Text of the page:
and the young couple were seized at midnight, and conveyed to different places of confinement. Endeavours were used by Mr. Furtado, uncle to Mr. Lara, for their enlargement, but in vain. Mr. Furtado then solicited and obtained the interposition of the British court, which proved effectual.

The persecuted pair now returned to England, but found themselves exposed to fresh mortifications. Mr. X. ftill implacable, again itisred up the Rulers of the Synagogue (who had before been active in feconding his efforts to distress them, while in France) and they were excommunicated, together with the other parties, mentioned in the title page.

On this inflexible procedure of Mr. X. and the overseers, the present Letter is grounded ; and the Writer expoftulates with them in the most severe and sarcaltic terms: representing their conduct as void not only of humanity and justice, but of common sense and prudence. The Letter is well written, and not unentertaining. · Mr. X, makes a most wretched figure in it. The gentlemen of the Synagogue, too, are brought in, to fill up a very contemptible group, as they are here drawn ; but whether the pencil hath been altogether guided by che ftri& hand of justice, is rather to be suspected, as the spirited painter appears to be either a party concerned, or tome warm friend, who hath espoused the cause of persons whom he represents as having been molt injuriously treated. Art. 24. Memoirs of the Life of Foshua Dudley; explaining,

among other Particulars, the Motives of his pretended Discovery of the Persons concerned in setting Fire to the Dock-Yard at Portsmouth, in July 1770. Written by Himself. 8vo.. i s. Bladon. 1772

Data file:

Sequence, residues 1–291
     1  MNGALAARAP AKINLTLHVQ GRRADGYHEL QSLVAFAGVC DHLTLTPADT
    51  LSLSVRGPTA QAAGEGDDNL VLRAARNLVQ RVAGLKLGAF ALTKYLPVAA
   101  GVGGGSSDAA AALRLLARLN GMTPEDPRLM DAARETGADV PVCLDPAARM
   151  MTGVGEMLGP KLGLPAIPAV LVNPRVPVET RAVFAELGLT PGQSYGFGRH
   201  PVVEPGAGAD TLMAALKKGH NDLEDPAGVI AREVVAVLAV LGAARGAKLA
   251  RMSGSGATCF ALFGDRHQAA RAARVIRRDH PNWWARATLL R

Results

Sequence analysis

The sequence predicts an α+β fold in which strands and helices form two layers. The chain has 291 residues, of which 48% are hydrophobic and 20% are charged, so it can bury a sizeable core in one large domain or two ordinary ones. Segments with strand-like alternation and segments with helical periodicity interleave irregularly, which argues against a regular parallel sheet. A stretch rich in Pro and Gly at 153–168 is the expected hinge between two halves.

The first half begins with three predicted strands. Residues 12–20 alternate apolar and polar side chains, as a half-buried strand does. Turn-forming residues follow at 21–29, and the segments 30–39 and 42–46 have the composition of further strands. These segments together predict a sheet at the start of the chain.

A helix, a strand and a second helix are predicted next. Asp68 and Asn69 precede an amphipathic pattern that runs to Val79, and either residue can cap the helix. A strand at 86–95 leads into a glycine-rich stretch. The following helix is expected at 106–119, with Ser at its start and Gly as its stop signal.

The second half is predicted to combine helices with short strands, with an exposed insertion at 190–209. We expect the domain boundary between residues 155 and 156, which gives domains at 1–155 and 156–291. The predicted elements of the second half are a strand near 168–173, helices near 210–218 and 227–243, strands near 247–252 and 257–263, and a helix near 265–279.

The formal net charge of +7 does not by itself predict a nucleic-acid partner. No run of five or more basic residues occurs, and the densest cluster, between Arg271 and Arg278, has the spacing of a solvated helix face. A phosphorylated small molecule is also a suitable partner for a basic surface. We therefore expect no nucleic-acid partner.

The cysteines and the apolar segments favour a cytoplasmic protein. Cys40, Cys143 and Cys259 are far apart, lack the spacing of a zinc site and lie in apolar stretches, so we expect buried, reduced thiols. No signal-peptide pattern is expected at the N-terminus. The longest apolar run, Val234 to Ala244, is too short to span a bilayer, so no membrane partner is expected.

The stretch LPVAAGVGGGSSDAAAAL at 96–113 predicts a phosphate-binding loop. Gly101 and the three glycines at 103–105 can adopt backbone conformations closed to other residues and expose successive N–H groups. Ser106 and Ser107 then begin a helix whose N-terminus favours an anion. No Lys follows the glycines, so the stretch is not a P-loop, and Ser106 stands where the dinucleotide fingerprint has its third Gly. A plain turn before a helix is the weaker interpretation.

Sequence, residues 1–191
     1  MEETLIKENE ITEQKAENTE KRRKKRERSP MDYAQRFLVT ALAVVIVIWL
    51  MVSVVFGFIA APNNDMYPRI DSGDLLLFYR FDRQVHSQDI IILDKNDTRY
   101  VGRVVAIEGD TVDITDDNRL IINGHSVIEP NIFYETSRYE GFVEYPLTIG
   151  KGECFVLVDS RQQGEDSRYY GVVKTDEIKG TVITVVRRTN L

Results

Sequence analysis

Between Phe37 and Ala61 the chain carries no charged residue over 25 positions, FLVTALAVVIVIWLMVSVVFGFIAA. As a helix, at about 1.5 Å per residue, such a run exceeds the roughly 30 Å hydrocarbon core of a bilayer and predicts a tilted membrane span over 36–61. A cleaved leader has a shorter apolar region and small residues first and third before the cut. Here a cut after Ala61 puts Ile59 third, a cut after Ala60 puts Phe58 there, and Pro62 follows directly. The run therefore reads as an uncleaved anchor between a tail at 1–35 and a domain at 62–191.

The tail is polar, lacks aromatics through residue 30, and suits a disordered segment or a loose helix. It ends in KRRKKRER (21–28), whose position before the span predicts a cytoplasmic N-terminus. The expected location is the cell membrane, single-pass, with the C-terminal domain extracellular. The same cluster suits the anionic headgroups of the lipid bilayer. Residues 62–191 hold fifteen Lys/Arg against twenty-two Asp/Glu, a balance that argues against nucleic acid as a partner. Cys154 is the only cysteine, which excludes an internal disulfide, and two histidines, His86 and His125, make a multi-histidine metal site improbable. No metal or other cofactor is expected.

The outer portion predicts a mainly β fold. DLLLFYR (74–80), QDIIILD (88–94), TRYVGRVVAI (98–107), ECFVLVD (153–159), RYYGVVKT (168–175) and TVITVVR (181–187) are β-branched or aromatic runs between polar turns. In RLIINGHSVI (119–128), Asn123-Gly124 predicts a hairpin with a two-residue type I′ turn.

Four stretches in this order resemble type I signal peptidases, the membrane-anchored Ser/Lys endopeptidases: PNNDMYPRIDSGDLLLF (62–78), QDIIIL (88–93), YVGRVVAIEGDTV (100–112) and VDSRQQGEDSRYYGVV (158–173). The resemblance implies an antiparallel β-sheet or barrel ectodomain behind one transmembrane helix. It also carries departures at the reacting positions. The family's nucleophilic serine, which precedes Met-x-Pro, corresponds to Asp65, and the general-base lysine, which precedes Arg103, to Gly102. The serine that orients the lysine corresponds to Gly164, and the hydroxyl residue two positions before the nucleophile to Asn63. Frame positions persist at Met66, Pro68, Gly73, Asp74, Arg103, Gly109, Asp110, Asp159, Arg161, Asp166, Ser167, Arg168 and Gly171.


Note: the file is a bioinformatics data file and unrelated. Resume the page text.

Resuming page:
. Dudley is just such another Rogue as the late notorious Jonathan Britain ; and like him, being in distress, happened to pitch on the same expedient to get himself extricated, viz. by imposing on the Government and the public, a pretended discovery of the yet unknown cause of the late conflagration in Portsmouth Dock:-of which neither Britain nor Dudley, by their own fubfequent confeffons, knew any thing more than Jonathan Wild, or Jack Shepherd, who were haoged forty years ago. Art. 25. The Complete Hor fernan; or, The Art of Riding made

eafy: Illustrated by Rules drawn from Nature, and confirmed by Experience ; with Directions to the Ladies to fit gracefully, and ride with Safety. By Charles Hughes, Professor of Horsemanship, at his Riding-School near Black-Friars-Bridge.

I S. Newberry.

Parloined, chiefly, from Thomson's Rules for bad Horsemen *; with the addition of a few plates, representing Mr. and Mrs. Hughes, mounted in their several attitudes, so admirably contrived for breaking the necks of those who may be ambitious of imitating such Harlequin Horsemanship.